45 year old John terrorized his family when they were his passengers. He would yell at them if they complained about his driving.
He would ignore them when they showed signs of discomfort and even seemed to enjoy scaring his passengers with his maneuvers such as tailgating, weaving in and out of traffic, passing other cars dangerously, and pulling too far into crosswalks so pedestrians are unable to safely cross the street.
John would show aggression in other ways too — like insisting on choosing the radio station, controlling the volume of the radio, and controlling the temperature, the fan setting and where the vents are aimed while driving. He refused to stop for restroom breaks on long trips.
John was anything but “passenger-friendly” yet he did not see himself as the problem. Statistics show that while 70% of drivers complain about the aggressiveness of others, only 30% admit to their own aggressiveness. John saw other drivers as “stupid, ” his family/passengers as “whiney,” and the roadway as his personal terrain. Unfortunately, we all pay the price for this kind of distorted thinking.
High cost of aggressive driving
According to recent statistics, aggressive driving is at the core of numerous fatalities, injuries and dollar costs associated with accidents. More specifically, it is linked to:
- Fatalities (425,000 per decade)
- Injuries (35 million per decade)
- Dollars (250 billion per year)
The cost to the emotional well-being of family members is also very high. Often, family members develop a fear of driving with the aggressive driver. While they may not talk about it, passengers may lose esteem, respect and affection toward the driver.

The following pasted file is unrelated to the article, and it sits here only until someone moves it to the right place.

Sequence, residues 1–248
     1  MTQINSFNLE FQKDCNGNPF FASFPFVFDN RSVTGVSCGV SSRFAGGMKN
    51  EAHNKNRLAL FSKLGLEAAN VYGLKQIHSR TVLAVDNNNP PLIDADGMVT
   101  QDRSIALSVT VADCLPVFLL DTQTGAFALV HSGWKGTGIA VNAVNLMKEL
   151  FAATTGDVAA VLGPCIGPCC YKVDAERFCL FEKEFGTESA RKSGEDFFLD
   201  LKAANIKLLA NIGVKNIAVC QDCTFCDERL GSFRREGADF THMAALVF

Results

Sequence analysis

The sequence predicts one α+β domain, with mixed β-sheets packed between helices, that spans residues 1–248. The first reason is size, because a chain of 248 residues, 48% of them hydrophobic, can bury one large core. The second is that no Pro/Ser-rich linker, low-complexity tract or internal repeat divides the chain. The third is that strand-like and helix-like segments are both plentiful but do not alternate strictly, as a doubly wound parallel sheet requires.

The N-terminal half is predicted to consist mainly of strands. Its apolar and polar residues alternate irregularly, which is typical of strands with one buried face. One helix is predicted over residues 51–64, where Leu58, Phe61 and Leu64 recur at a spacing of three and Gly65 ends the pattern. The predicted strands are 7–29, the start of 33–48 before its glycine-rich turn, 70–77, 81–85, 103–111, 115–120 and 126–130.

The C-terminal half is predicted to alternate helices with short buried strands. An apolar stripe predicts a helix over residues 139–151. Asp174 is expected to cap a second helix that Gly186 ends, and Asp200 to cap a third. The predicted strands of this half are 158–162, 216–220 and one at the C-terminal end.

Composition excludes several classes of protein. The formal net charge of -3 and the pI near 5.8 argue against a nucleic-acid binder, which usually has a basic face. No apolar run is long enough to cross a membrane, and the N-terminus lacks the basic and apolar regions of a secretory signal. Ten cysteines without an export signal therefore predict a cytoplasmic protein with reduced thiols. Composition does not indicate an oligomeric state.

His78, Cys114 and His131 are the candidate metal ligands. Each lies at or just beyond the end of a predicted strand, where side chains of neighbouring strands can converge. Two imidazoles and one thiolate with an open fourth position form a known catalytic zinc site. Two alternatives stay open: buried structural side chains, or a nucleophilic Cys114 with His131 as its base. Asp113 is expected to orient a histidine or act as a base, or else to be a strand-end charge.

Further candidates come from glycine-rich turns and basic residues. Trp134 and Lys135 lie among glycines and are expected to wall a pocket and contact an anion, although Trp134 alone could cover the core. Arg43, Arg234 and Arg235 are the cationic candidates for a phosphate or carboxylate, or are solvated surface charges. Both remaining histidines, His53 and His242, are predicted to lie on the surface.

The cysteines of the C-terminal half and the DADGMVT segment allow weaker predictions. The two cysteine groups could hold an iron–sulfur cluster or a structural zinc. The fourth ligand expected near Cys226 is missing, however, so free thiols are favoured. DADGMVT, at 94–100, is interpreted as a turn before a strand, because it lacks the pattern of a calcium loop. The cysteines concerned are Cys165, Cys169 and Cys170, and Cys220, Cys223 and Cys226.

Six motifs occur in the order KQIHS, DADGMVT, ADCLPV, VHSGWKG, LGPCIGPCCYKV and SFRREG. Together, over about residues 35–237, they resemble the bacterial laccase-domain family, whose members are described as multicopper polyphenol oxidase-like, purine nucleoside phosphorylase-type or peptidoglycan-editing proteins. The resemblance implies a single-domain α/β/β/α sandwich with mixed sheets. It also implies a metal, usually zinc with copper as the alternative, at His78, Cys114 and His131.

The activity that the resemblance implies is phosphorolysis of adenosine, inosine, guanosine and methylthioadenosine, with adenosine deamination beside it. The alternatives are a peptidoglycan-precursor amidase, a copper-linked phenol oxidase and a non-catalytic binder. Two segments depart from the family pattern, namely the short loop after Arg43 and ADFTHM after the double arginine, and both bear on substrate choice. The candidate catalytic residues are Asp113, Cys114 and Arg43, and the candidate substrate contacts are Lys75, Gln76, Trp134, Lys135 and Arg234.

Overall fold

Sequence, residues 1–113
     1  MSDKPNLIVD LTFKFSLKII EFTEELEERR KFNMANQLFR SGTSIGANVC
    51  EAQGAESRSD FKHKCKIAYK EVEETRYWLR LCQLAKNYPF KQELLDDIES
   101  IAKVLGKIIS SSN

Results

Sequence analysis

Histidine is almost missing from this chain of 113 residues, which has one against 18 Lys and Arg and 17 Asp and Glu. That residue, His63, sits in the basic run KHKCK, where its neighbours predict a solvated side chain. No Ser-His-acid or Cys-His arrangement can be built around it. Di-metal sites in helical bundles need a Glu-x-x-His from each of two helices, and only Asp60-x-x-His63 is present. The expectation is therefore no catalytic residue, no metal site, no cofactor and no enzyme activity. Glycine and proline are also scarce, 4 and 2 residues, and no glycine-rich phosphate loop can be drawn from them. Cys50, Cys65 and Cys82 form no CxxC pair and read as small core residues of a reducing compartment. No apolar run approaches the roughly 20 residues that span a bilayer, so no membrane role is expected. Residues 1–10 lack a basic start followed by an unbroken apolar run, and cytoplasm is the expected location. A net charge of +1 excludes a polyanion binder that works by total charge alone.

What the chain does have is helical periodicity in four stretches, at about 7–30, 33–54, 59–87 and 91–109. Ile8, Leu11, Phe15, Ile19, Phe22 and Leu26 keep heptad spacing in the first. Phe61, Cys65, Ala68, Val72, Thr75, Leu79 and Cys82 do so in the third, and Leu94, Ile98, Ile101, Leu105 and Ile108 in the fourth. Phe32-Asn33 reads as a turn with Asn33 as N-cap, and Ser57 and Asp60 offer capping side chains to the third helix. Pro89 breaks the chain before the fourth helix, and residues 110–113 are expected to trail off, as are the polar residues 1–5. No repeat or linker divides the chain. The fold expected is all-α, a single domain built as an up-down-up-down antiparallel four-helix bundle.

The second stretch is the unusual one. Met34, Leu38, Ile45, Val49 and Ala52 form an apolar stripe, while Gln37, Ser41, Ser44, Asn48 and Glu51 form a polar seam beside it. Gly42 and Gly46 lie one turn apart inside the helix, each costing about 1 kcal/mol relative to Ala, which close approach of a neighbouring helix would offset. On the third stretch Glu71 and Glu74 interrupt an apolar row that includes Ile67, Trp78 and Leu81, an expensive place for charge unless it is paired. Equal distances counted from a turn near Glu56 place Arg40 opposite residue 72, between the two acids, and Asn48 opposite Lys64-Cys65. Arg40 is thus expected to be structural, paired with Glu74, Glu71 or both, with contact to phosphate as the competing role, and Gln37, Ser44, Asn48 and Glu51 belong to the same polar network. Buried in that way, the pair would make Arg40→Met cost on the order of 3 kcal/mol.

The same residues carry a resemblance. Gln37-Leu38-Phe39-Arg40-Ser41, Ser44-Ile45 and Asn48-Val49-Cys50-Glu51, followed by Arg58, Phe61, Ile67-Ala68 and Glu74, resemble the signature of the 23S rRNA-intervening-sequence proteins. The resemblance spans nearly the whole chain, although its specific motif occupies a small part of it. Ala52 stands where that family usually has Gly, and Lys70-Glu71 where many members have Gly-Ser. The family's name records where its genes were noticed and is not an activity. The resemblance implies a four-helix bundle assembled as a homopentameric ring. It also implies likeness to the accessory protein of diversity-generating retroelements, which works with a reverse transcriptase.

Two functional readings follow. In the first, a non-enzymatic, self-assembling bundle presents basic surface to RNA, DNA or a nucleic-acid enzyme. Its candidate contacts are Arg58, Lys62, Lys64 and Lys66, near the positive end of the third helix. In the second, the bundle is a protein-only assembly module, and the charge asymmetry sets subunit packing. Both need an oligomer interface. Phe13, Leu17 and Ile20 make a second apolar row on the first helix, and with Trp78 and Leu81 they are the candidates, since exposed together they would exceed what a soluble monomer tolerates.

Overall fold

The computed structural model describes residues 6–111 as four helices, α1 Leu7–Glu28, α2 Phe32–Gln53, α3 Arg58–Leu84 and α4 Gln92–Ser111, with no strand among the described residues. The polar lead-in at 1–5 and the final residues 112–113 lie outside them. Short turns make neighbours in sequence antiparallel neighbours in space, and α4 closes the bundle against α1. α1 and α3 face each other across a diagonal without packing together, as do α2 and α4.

Younger passengers may also be affected later in life by being exposed to this kind of driving behavior. By watching and then modeling their aggressive-driver parent, the child may develop similar attitudes and driving behaviors when he or she becomes a driver.
Driving under the influence
At its root, aggressive driving is caused by poor ability to handle angry feelings. The aggressive driver is, in effect, driving under the influence of impaired emotions. Studies list many reasons why driving arouses anger in aggressive drivers. Some of the most common are:
- Territoriality. The car is a symbol associated with individual freedom and self-esteem. Our car is our castle and the space around it is our territory. When other drivers invade our space the aggressive driver responds with hostility to protect his “castle.”
- Restriction. In congested traffic, you are prevented from going forward. This can lead to frustration, anxiety and an intense desire to escape the restriction.
- Multitasking. We become irritated at others when we see them driving poorly while talking on the cell phone, eating, or performing personal grooming.
- Poor life planning. We don’t allow enough time to get to our destination on a consistent basis so we “press” to make up for the lost time and then become stressed and angry at other drivers who we see as frustrating our mad dash.
What can you do as a passenger?
While aggressive driving behavior ultimately must be changed by the driver himself, the following are some survival tips that may help until that occurs:
Refuse to passenger with such a person until he or she changes.
Share with driver how you feel when they drive aggressively. For example: I feel anxious about how fast we’re going (instead of “you are driving too fast”); I’m upset about the way you swore at that driver and I am fearful how it will affect our children who heard you; I feel afraid when you approach pedestrians too fast; I feel bullied by you when you won’t stop for a bathroom break.
Encourage person to look at their “driving philosophy” and to develop more empathy regarding how others (like the family) are being negatively impacted by his or her poor driving behavior. That is, help him see himself through the eyes of his family.
This honest feedback from loved ones can be a powerful tool to encourage the aggressive driver to become a better citizen of the roadways.